Learning cannot wait | Inquirer Opinion
The Learning curve

Learning cannot wait

It is easy to see why the education sector has been identified as one of the top 10 industries in the country affected by the pandemic—the uncertain job situation for faculty and staff, the schools struggling with maintaining their operating expenses, the enrollment drop because of economic reverses, and most daunting and critical of all, what to do with the instruction and learning for students beyond Aug. 24.

If the Department of Education (DepEd) was already struggling with many start-of-the-year challenges during normal times, how might it be able to cope better in these extraordinary times?


The jargon “blended learning” sounds so impressive in theory, but day by day it is being pointed out that online learning will only highlight the social inequity that exists. Who can afford the devices needed for online learning, and how to sustain it with reliable internet connectivity? The latest proposal is to run lessons on radio—so the current focus is providing students with transistor radios.

DepEd Commons (https://icedrive.net/1/94azUBJEdn) has issued the learning modules for Grades 1-10 students that may be downloaded and printed out. These are not only worksheets but entire books, it appears. A concerned citizen examined the Nursery level materials and discovered this: 17 files, or a total of 1,093 pages or two and one-fifth reams of bond paper, in full color.


She was appalled to see on a Grade 5 English locally developed handout, ironically on following directions, the strangest directions, such as “Draw Chinese eyes…” But I leave that kind of investigation, if need be, to Antonio Calipjo Go.

Can every family with public school students download and print these modules out? Thus, the widespread appeal to citizens to assist the children of their household staff by printing these out or photocopying for them. I was initially alarmed because of copyright restrictions, and was relieved to see on the foreign books’ copyright pages for the upper grades that publishers’ permission was sought. But just how meaningful are these voluminous worksheets without teacher direction? Will all these handouts a critical thinker make? Will worksheets breed lifelong learners?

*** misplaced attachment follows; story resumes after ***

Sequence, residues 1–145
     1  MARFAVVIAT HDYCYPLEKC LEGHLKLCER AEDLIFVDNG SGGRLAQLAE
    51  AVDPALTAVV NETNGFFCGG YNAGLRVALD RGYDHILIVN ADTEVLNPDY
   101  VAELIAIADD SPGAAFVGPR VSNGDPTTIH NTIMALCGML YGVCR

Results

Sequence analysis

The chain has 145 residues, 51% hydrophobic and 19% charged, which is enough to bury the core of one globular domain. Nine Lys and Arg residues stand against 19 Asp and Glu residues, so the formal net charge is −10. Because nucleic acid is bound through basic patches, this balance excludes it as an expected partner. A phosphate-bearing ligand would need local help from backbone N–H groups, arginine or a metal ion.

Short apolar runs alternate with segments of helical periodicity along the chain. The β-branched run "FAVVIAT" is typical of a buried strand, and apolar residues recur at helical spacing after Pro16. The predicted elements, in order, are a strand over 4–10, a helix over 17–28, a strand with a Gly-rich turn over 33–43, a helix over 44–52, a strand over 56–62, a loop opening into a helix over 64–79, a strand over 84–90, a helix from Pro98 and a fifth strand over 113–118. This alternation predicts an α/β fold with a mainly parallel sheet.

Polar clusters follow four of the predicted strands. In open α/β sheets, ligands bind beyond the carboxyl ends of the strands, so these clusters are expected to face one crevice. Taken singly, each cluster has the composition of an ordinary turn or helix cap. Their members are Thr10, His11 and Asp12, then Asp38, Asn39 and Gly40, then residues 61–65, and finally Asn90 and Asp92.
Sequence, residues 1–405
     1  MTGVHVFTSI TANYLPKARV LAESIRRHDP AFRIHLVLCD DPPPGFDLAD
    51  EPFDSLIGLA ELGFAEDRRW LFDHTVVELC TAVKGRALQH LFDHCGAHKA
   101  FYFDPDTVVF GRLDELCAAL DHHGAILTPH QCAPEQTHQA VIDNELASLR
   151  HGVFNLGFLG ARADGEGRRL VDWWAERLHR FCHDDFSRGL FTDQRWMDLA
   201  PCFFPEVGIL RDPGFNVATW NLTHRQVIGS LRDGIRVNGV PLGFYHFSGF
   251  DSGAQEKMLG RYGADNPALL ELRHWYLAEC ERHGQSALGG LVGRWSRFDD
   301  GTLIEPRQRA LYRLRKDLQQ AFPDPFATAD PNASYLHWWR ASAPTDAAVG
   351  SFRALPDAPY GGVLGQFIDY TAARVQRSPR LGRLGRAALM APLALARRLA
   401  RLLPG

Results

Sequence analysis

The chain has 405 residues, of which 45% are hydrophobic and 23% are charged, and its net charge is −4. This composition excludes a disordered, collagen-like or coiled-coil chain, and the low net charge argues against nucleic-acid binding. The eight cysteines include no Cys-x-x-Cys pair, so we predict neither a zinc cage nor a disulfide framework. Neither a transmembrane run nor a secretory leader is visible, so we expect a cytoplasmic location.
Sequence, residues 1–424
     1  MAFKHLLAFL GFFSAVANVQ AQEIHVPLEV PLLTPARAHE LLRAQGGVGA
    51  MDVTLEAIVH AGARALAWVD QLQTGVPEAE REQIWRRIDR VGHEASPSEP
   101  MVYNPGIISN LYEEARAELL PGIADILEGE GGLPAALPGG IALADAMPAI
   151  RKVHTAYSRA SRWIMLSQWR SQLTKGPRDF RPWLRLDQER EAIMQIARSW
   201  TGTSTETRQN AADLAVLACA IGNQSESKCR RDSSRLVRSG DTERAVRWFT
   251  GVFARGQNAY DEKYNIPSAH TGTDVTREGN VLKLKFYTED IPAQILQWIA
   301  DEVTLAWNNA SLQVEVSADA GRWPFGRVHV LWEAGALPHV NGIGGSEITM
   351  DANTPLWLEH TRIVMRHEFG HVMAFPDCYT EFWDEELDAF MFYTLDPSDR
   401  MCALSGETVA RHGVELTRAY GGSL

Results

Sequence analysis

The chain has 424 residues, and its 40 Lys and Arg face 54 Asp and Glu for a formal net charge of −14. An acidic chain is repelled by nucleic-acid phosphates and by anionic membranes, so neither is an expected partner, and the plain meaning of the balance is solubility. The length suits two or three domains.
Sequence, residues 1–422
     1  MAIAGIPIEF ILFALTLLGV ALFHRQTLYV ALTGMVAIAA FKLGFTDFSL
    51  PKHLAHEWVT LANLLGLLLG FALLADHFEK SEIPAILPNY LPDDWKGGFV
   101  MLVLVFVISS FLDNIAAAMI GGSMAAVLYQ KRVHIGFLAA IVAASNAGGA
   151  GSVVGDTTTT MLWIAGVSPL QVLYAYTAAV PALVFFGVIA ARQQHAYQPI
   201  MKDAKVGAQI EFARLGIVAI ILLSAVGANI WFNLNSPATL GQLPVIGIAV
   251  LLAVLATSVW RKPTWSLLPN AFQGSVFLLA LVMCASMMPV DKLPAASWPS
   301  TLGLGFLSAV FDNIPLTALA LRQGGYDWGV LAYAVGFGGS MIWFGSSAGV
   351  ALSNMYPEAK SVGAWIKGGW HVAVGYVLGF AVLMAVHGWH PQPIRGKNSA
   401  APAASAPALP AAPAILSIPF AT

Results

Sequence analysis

I trust that the teacher will provide the necessary incentives to turn doing these sheets into a game, a fun activity. And where were storybooks for students to just enjoy? Where is the Mother Tongue-Based Multilingual Education in all these? It seems only proper that Vice President Leni Robredo has made a call for “creative minds” to make instructional videos.

Some of the titles I saw were: “100 Words Kids Need to Read by 1st Grade,” “Colors and Shapes,” “Max and Ruby Alphabet.” And a Garfield workbook. I hope that the curriculum planners are aware that we have many excellent counterpart titles from our Philippine publishers.

I still maintain that the best way for students to learn, especially during these times, is for them to read whatever printed materials they can access. That is why the two balikbayan boxes of books, magazines, games that have just arrived at the Sta. Romana Memorial School in Sta. Arcadia, Cabanatuan, Nueva Ecija, through the longstanding Books for the Barrios initiative of Nancy Harrington, are considered heaven-sent by principal Maricel Garcia Candido and her 15 teachers.

The staff are developing a book borrowing program for their Learning Continuity Plan. It would be a perfect supplement to the modular approach or the home study program developed for their community. Online learning is out of the question there, with internet connectivity not available to all, as the school survey revealed.

I take a special interest in the school because it was started with a donation of 10,930 square meters of land by my paternal grandparents, Leonardo Aleta Sta. Romana and Gorgonia Osias, decades ago to affirm the value of education, having raised 11 children who all became professionals. It was formally turned over by the heirs to the DepEd last year, when the school was renamed the Leonardo A. Sta. Romana Memorial Elementary School.


The book donation was made possible by my son-in-law, Dr. Edmundo Duldulao of Kaiser Permanente in northern California. It was he whom Books for the Barrios coordinated with.

It is some relief to know that there are schools and organizations concerned about continuing to adjust to the unique learning needs of students. It takes more than just a village to do that.

Neni Sta. Romana Cruz ([email protected]) is a member of the Eggie Apostol Foundation.

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TAGS: books, Books for the Barrios, class schedule, covid-19 philippines, DepEd, education, learning, school year
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